95 killed in Iraq's spiral of violence
BAGHDAD — Iraq's wave of bloodshed sharply escalated on Monday with more than a dozen car bombings across the country, part of attacks that killed at least 95 people and brought echoes of past sectarian carnage and fears of a dangerous spillover from Syria's civil war next door.
The latest wave of violence — which has claimed more than 240 lives in a week — carries the hallmarks of the two sides that brought nearly nonstop chaos to Iraq for years: Sunni insurgents, including al-Qaida's branch in Iraq, and Shiite militias defending the power they gained when Saddam Hussein's regime fell.
But the widening shadow from Syria's conflict increasingly threatens to engorge Iraq's sectarian strife, heightening concerns that Iraq could be headed toward civil war.
The Shiite-led government of Prime Minister Nouri al-Maliki must balance its close ties with Iran — the main regional ally of Syria's Bashar Assad.
Al-Maliki appears determined to keep Iraq's minority Sunnis from taking a more high-profile role in the anti-Assad forces, which have received pledges of support from al-Qaida in Iraq.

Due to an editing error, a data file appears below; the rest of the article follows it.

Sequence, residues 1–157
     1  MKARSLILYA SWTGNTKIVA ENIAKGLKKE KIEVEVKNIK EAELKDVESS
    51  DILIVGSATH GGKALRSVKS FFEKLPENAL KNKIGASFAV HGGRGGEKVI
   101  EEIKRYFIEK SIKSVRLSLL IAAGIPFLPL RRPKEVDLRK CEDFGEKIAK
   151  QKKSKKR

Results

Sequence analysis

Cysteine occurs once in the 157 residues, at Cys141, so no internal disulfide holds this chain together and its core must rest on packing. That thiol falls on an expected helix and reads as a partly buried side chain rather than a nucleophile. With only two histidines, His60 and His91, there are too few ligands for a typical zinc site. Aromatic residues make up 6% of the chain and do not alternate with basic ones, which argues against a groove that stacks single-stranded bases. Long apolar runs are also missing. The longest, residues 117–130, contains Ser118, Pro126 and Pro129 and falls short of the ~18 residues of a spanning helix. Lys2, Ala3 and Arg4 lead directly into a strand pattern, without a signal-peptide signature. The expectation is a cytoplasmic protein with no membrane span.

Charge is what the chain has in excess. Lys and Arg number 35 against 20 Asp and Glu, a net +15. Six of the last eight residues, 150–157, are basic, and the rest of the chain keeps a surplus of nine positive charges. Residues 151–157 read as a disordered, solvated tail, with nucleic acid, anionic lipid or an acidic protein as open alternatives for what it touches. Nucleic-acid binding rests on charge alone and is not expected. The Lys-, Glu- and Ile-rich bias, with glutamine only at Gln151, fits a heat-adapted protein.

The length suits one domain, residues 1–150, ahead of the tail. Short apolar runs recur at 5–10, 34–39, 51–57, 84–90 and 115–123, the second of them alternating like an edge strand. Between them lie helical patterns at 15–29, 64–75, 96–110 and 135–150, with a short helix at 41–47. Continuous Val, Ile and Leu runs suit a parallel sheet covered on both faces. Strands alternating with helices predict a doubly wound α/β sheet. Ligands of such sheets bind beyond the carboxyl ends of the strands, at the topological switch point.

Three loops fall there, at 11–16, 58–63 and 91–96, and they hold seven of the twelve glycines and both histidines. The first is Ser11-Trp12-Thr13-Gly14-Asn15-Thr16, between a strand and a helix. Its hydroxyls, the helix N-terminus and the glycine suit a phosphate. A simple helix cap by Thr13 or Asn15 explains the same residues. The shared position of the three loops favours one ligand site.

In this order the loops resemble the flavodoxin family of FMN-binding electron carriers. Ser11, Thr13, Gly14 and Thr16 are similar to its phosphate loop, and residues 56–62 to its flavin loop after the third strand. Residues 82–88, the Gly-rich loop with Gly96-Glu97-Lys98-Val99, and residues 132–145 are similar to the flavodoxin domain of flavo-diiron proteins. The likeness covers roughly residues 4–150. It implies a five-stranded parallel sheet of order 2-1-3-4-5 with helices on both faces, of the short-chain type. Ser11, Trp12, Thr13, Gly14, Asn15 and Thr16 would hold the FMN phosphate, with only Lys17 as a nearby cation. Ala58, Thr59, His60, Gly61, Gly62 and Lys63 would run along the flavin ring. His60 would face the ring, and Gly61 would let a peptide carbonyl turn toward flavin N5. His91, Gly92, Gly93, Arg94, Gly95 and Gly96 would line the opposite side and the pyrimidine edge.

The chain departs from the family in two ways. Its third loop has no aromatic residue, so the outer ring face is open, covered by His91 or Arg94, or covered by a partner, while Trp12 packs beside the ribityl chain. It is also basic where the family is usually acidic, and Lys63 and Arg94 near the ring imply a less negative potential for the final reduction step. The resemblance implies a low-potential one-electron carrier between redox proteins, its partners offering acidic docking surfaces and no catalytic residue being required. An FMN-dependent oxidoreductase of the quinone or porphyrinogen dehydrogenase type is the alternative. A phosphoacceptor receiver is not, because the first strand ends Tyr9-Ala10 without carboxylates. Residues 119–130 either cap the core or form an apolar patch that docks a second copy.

Al-Maliki is not only worried about his Sunni rivals possibly deepening their involvement in the rebel cause in Syria, said Patrick Clawson, director of research at the Washington Institute for Near East Policy.
“Al-Maliki believes this is the time to be tough and show he is in control of the country,” said Clawson. “What we are seeing is the backlash to that.”
The U.S. and its Western allies strongly support Syria's political opposition, but have been reluctant to significantly boost weapons flow to rebel fighters because of worries over Islamic militants who have joined the anti-Assad brigades. But the deepening refugee crisis in the region, along with concern over spillover violence, is often cited by Arab states and Turkey urging greater Western intervention.
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